The decennial US census has started in rural Alaska, out of tradition and necessity, ever since the US purchased the territory from Russia in 1867. The ground is still frozen, which allows easier access before the spring melt makes many areas inaccessible to travel and residents scatter to subsistence hunting and fishing grounds. The mail service is spotty in rural Alaska and the Internet connectivity unreliable, which makes door-to-door surveying important.
The rest of the nation, including more urban areas of Alaska, begin the census in mid-March.
On Tuesday, Steven Dillingham, director of the census bureau, conducted the first interview after riding on the back of a snowmobile from the airport to Chimiugak’s home.
“The 2020 Census has begun,” he told reporters after conducting the first interview with Chimiugak, a process that lasted about five minutes. “Toksook Bay isn’t the easiest place to get to, and the temperature is cold. And while people are in the village, we want to make sure everyone is counted.”
Dillingham was hours late getting to Toksook Bay because weather delayed his flight from the hub community of Bethel, about 115 miles (185 kilometers) away. Conditions didn’t improve, and he spent only about an hour in the community before being rushed back to the airport.
After the count, a celebration took place at Nelson Island School and included the Nelson Island High School Dancers, an Alaska Native drum and dance group. Later, the community took over the commons area of the high school with a potluck of Alaska Native foods, including seal, moose and goose soups, herring roe served with seal oil and baked salmon.
Robert Pitka, tribal administrator for Nunakauyak Traditional Council, hopes the takeaway message for the rest of the nation is of Yup’ik pride.
“We are Yup’ik people and that the world will see that we are very strong in our culture and our traditions and that our Yup’ik language is very strong,” he said.
For Chimiugak, she has concerns about climate change and what it might do to future generations of subsistence hunters and fishers in the community, and what it will do to the fish and animals. She talked about it with others at the celebration.
“She’s sad about the future,” he eldest son Paul said.
Chimiugak was born just after the start of the Great Depression in the middle of nowhere in western Alaska, her daughter Katie Schwartz of Springfield, Missouri, said. Lizzie was one of 10 siblings born to her parents, who lived a nomadic lifestyle and traveled with two or three other families that would migrate together, her son said.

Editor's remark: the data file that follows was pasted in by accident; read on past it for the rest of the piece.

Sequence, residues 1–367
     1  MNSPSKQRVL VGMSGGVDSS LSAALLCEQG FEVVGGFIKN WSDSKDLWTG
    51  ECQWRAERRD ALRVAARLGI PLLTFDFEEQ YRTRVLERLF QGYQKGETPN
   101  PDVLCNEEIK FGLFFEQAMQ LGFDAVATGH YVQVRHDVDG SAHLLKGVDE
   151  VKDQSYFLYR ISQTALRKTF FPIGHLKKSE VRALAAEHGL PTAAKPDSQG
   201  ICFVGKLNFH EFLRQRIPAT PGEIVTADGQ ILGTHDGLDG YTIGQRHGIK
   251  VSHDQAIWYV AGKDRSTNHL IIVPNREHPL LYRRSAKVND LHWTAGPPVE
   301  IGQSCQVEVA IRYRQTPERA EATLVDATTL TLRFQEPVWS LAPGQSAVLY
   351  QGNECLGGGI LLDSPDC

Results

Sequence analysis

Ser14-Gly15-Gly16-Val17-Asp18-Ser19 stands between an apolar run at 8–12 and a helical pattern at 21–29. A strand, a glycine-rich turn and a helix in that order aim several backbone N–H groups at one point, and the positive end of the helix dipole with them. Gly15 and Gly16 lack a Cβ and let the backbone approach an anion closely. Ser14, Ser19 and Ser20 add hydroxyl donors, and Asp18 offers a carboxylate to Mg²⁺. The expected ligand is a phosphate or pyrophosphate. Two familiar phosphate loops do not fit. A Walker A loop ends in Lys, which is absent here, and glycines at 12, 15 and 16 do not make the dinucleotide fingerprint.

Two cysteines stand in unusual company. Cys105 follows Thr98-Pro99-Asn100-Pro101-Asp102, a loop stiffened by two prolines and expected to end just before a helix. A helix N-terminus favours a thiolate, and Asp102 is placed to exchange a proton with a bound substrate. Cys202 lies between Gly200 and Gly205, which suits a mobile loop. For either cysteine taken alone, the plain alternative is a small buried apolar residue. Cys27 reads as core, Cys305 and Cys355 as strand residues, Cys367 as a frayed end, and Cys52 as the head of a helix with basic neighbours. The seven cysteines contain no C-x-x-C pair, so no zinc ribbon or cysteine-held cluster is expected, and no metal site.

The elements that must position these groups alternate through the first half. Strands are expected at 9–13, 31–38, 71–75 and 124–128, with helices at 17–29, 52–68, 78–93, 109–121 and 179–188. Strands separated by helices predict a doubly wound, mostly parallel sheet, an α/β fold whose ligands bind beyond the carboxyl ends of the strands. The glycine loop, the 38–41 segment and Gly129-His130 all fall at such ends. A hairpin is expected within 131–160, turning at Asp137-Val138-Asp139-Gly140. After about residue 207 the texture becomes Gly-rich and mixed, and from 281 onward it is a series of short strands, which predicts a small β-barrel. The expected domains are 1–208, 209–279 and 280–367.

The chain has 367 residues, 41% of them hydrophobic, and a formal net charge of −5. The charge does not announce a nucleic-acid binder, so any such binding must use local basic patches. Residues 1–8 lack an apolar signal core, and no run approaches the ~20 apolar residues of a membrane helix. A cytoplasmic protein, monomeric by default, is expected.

Lizzie and her 101-year-old sister from Nightmute, Alaska, survive.
In 1947 Lizzie married George Chimiugak, and they eventually settled in Toksook Bay after the town was founded in 1964 by residents of nearby Nightmute. There are five surviving children.
He worked maintenance at the airport. She did janitorial work at the old medical clinic and babysat.
Like other wives, she cleaned fish, tanned hides and even rendered seal oil after her husband came home from fishing or hunting. Her husband died about 30 years ago.
She is also a woman of strong Catholic faith, and told her son that she saved his life by praying over him after he contracted polio.
For her own hobbies, she weaved baskets from grass and remains a member of the Alaska Native dance group that performed Tuesday. She dances in her wheelchair.
She taught children manners and responsibility and continued the oral tradition of telling them stories with a storyknife.
Chimiugak used a knife in the mud to illustrate her stories to schoolchildren. She drew figures for people or homes. At the end of the story, she’d use the knife to wipe away the pictures and start the next story with a clean slate of mud.
“She’s a great teacher, you know, giving us reminders of how we’re supposed to be, taking care of subsistence and taking care of our family and respecting our parents,” her granddaughter Alice Tulik said. “That’s how she would give us advice.”